Los Angeles Angels star Shohei Ohtani wins AP Male Athlete of the Year

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ANAHEIM, Calif .– Most of the time in professional sports, it’s easy to think that everything has been done already.

With so many refined athletes constantly pushing themselves to the pinnacle of human potential, we can experience unprecedented displays of sports genius every week of our lives. But it’s really rare to witness something that isn’t fundamentally a better, more prolific version of something we’ve seen before.

That’s why Shohei Ohtani’s astonishing redefinition of modern baseball caught the world’s attention so vividly in 2021 – and that’s why the two-way Los Angeles Angels superstar is the winner of the award. Associated Press Male Athlete of the Year.

The Unanimous MVP of the American League has staged an unparalleled season in the past century of his sport. Hardly anyone had played back and forth every day for many decades – and no one has been both one of baseball’s best hitters and one of its best starting pitchers since Babe Ruth. played home plate and mound for the Boston Red Sox in 1919.

“He’s doing something we haven’t seen in our lifetime, but he’s also doing it at the top level of hitting and throwing,” Angels manager Joe Maddon said at the end of the regular season. “He does more than the other players, but he also does better than almost everyone on this pitch, and they’re the greatest players in the game, his contemporaries. He plays their game, but he also plays a different game. “

Ohtani hit 46 home runs and produced 100 runs with a .965 OPS while playing in 126 games as the AL’s designated top hitter, as evidenced by his Silver Slugger award. He finished third in the circuit majors after leading the sport for much of the season.

Ohtani, 27, also started 23 games on the mound, going 9-2 with a 3.18 ERA and 156 strikeouts in 130 innings as the Angels ace and one of the best right-hangers in the game. the AL. It has a fastball at 100 mph, but its splitter might be the best baseball field, with motion that resembles a ball rolling over the edge of a table.

The 6-foot-4 Ohtani was also among the majors’ fastest baseline runners, stealing 26 goals and scoring 103 points. He even led the league with eight trebles – and he also played a bit off-field when asked.

Any of those accomplishments would be impressive for a player reaching his peak in his fourth season since moving from Japan to the big leagues.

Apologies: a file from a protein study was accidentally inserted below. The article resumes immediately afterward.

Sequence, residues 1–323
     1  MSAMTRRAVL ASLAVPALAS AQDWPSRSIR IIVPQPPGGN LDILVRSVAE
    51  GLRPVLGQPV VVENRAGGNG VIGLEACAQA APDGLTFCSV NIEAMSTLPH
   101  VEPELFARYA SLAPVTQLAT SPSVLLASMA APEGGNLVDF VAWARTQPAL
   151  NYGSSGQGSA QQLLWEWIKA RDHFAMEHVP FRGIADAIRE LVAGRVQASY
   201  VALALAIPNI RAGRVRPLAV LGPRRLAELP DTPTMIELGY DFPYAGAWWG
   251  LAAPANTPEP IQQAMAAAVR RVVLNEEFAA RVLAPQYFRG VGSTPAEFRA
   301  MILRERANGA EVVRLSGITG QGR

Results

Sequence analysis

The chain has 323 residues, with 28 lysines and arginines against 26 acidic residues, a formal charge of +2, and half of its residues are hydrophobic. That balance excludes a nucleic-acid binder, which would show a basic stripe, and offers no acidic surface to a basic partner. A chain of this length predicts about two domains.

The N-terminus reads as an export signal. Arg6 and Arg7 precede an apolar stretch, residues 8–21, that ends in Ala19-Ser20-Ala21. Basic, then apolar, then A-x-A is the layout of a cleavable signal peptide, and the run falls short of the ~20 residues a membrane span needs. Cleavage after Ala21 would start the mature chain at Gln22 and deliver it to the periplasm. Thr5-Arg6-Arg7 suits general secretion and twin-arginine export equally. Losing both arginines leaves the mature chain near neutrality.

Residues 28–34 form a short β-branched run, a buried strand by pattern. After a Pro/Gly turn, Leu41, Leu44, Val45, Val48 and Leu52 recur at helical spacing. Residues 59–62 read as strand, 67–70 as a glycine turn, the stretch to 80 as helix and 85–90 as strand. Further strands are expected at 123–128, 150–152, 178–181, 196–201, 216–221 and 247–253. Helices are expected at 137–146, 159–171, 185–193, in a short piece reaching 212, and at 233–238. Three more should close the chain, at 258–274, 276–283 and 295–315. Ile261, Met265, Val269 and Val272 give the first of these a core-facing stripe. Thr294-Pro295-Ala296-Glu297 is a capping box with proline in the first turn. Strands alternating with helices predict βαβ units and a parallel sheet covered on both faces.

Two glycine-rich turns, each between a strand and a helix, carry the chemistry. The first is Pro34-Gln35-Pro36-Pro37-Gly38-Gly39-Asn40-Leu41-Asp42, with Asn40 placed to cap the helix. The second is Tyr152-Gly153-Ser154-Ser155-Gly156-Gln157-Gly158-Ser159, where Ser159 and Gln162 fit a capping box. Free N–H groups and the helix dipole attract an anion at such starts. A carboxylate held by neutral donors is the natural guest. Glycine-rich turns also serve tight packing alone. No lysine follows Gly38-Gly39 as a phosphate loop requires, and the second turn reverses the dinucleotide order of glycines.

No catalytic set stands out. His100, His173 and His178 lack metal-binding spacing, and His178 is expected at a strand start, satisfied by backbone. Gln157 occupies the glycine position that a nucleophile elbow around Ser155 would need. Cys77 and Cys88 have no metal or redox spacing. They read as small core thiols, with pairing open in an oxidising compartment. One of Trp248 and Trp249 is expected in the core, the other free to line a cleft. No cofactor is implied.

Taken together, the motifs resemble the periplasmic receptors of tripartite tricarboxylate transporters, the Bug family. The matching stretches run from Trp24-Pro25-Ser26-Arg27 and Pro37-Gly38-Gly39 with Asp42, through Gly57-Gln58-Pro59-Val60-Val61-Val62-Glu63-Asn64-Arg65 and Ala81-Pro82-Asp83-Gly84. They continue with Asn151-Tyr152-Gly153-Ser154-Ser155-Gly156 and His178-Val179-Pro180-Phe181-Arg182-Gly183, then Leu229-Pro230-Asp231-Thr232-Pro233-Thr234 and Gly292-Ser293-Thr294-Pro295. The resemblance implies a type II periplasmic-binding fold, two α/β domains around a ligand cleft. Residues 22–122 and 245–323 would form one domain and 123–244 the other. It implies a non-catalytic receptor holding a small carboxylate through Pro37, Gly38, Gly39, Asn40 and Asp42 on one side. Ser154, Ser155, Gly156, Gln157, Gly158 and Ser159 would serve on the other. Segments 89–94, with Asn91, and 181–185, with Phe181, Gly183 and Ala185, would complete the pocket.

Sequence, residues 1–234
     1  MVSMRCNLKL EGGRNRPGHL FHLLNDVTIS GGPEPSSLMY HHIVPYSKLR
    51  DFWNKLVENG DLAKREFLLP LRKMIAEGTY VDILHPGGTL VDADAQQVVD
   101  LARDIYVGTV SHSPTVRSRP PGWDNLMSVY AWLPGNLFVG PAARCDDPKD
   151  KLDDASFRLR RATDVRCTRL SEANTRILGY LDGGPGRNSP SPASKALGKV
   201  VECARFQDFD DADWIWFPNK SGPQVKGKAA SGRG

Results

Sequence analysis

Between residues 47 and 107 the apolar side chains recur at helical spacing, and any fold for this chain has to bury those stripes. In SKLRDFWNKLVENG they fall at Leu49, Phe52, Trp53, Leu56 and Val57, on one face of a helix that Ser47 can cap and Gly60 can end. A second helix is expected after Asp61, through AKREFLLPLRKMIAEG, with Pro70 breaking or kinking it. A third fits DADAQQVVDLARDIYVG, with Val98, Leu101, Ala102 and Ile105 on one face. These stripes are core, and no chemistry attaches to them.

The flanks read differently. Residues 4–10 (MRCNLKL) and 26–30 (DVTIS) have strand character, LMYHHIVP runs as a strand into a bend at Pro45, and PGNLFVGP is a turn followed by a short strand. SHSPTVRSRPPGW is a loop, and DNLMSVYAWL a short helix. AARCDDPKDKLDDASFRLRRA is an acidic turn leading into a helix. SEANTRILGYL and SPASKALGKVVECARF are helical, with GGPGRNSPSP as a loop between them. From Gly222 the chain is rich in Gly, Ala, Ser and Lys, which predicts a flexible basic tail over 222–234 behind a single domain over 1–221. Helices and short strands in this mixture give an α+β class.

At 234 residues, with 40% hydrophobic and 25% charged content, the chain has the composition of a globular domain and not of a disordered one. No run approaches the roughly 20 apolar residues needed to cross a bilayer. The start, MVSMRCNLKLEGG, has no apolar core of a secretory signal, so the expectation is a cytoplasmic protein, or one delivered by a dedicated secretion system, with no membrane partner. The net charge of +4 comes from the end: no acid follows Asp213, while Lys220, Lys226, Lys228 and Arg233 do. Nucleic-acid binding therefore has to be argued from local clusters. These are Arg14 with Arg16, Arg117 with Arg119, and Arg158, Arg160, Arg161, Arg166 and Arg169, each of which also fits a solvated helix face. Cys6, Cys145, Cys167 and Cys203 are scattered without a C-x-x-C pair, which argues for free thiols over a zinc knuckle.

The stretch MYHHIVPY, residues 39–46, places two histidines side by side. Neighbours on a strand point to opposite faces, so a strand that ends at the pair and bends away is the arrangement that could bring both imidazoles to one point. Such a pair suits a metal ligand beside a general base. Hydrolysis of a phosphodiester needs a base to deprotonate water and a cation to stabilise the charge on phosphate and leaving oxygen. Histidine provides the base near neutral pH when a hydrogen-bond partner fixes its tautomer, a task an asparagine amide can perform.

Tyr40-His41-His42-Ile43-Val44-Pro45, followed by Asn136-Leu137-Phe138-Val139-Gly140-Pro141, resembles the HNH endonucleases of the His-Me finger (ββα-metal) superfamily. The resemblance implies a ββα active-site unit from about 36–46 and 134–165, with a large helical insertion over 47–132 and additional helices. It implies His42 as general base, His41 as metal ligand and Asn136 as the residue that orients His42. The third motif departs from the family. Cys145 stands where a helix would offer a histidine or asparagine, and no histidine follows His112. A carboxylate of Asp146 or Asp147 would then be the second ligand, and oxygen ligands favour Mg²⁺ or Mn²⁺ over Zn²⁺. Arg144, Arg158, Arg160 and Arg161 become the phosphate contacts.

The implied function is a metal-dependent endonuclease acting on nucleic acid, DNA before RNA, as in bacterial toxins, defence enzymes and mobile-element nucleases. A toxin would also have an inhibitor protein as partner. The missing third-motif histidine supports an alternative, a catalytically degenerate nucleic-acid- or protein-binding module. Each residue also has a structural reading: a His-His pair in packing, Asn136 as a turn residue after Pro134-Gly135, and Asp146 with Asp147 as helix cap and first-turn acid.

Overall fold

Doing all of this at the same time is something almost no one alive today has ever seen.

Ohtani has kept baseball historians and statheads metaphorically buried eye-to-eye in dusty record books all summer as they dug through the annals of the turn of the 20th century to identify the last players to accomplish the statistical superlatives that ‘Ohtani was currently blazing.

Mike Trout, a three-time Ohtani AL MVP teammate, called Ohtani’s season “nothing short of electric”.

“Sometimes I felt like I was back in Little League,” Trout added. “To see a player pitch eight innings, hit a home run, steal a goal and then play on the right ground was amazing.”

Fans around the world agree: Despite his soft-spoken personality and focus on his sport, Ohtani has become an icon wherever baseball is played and a figure known even beyond the traditional boundaries of the game.

“I’ve never seen fans come into the stadiums so early and stay until the end,” Red Sox manager Alex Cora said in July. “That’s what he brings to the equation. I love it. Seems like every pitch when he’s at plate you can hear the oohs and aahs. I think that’s great for baseball. “

Ohtani’s success not only caught the attention of fans on both sides of the Pacific, but also reignited a debate long considered to be over on the merits of specializing in sports in a country where young athletes are often encouraged to stop playing. compete in several disciplines even before reaching adolescence. . No one currently has Ohtani’s global talents, but big league teams are increasingly open to the possibility of two-way contributors within their organizations.

Ohtani leads a quiet life in Anaheim and Japan, but he is unfailingly kind when praised for his unique accomplishments. Sometimes he seems just as surprised by his multi-faceted success as the rest of the world, while at other times he expresses the quiet confidence needed to do such a thing in the first place.

“I’m a student of the game, so I feel like I have to grow up every year, and I think I was able to do it,” Ohtani said through her performer and constant companion, Ippei Mizuhara. .

Ohtani’s accomplishments are even more impressive as they happened with the Angels, arguably the most disappointing majors franchise of the past half-decade despite their payrolls and elite talents in sunny California’s South.

With Trout missing most of the season with injury, Los Angeles won just 77 games despite Ohtani’s Herculean efforts, missing the playoffs for the seventh consecutive year and posting their sixth consecutive loss record. Ohtani accomplished his home base exploits with often terrible training protecting him in the batting order.

Better times look possible for the reshuffle Angels in 2022, and Ohtani says his biggest goal is to win in his next two years with the club. No matter what his future holds for him, Ohtani will always be remembered for a 2021 season that has blown the collective spirit of the sports world.

“Just a fabulous, fabulous year,” Maddon said. “There is only one person who can duplicate him. That would be him.”

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